OFWs get less funding share in P1-B AIDS advocacy tack


MANILA (OFW Journalism Consortium)—AS the country’s incidence of overseas Filipino workers with HIV is said to “be hidden but growing,” advocates are now focusing on those in the migration stream.

Still, they are getting less than two percent from a P1-billion (nearly $24.4 million) funding pouring into the advocacy to address the human immuno-deficiency virus stalking the people in this stream.

According to documents, of the P849-million funding for the 2007-2008 Aids Medium-Term Plan, only 1.4 percent would go to projects and activities targeting OFWs.

The fourth AMTP developed by the Philippine National Aids Council (PNAC) has allotted just nearly P12 million to fulfill one of the strategies of the AMTP that precisely targets OFWs.

The PNAC is led majority by executives of nonprofit groups and by Department of Health officials.
According to Roderick Poblete of the United Nations Population Fund, the group coordinates the national response to HIV in general, and to HIV and migration in particular.

Majority of the money, he explains, comes from private sources —funding all programs and services for the country’s nearly-3,000 citizens living with the virus and are known to have the acquired immuno-deficiency syndrome, caused by HIV.

Their families, Poblete adds, also become recipient of the funds by way of the projects.

Some 48 percent of that total funding requirement will cover the first strategy of the plan, which is “scale up and improve quality and prevention for most at risk populations (MARPs)”.

Poblete, who is also a medical doctor, said the figures may be small but it reflects an increase compared to previous funding targets.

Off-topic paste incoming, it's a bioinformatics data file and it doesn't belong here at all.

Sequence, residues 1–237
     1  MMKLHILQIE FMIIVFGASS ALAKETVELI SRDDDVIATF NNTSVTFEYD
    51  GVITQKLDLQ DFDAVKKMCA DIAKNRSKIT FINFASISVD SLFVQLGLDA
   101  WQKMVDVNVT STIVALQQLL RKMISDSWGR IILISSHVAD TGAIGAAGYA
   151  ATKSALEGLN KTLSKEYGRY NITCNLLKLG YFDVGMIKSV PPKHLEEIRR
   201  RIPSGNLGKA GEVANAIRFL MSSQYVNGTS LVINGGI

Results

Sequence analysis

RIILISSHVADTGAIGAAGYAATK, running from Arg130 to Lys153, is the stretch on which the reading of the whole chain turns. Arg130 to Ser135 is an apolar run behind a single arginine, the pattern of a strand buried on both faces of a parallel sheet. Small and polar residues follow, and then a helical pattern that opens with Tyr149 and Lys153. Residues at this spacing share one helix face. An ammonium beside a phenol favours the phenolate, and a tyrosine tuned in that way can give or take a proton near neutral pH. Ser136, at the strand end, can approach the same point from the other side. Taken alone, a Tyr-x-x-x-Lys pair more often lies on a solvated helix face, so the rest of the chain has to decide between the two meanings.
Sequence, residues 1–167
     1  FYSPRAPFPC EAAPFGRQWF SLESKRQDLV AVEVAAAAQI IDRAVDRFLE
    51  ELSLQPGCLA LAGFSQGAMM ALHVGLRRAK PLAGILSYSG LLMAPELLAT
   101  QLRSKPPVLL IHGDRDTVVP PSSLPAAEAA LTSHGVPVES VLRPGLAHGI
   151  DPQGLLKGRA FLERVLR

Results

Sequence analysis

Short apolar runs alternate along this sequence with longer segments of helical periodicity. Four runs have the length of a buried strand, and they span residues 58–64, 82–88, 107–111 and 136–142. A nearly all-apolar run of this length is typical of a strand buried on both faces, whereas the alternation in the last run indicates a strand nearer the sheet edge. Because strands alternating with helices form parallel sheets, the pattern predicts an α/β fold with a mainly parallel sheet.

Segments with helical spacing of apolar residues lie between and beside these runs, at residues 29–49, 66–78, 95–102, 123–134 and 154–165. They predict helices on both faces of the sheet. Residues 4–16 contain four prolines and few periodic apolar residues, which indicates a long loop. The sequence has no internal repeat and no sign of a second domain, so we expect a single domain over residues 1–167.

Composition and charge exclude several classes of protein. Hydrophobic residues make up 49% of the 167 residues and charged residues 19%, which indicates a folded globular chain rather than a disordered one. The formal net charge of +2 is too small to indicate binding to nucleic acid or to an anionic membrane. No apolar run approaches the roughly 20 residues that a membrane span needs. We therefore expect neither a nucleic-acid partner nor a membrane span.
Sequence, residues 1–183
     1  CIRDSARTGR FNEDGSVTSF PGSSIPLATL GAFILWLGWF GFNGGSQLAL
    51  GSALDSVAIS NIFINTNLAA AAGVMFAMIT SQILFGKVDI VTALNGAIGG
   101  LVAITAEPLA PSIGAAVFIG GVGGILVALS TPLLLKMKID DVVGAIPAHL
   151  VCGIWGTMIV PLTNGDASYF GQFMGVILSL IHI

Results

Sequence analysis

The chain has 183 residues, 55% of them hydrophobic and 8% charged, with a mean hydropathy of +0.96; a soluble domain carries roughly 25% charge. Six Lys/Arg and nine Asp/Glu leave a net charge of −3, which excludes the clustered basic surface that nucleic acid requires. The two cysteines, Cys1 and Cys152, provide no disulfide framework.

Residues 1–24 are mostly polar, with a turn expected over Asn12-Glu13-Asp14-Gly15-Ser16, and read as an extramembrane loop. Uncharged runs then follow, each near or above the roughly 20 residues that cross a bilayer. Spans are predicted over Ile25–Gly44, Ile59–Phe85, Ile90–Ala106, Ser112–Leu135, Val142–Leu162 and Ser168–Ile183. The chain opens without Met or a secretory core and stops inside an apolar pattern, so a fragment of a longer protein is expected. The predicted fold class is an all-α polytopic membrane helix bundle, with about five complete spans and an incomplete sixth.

Work focusing on HIV and migration in the Philippines never enjoyed as much support as before, he added without citing previous figures.

Historically, much of the work on HIV/Aids by non-government groups and government agencies in the Philippines favored those who are living in the country.

New data has changed that bias.


THE renewed focus on HIV and migration comes after the HIV/Aids Registry surpassed the 1,000-mark, which raised an alarm from the National Economic Development Authority.

“Six Filipinos were detected with HIV every week. One in three cases was an OFW, mostly seafarers and domestic workers who reportedly had unprotected sexual contact,” a NEDA report on the Millennium Development Goals report wrote.

The year 2006 cases, NEDA’s report suggests, that the infection “has spread, not reversed”.
This year, some 87 new cases were recorded thus far.

According to the DOH Registry, some 1,042 of the recorded 2,997 Filipinos with HIV are OFWs as of October this year.

Of the OFW figures, 340 were seafarers, 178 were domestic employers, 94 were employees, 79 were entertainers, and 64 were health workers.

Some 768 of these OFWs living with HIV are male.

While Poblete downplayed these numbers, he, however, calls for collaboration among several initiatives similar to what PNAC has been doing.

Coordination is “imperative,” Poblete said.

One of these initiatives is the foreign-supported Joint UN (Philippines) Programme on HIV and Migration, which Poblete leads.

Launched March this year by the UN System in the Philippines, this initiative is “a comprehensive package of national as well as local development interventions in selected provinces on HIV prevention, treatment, care and support that can benefit [OFWs] and the community in general.”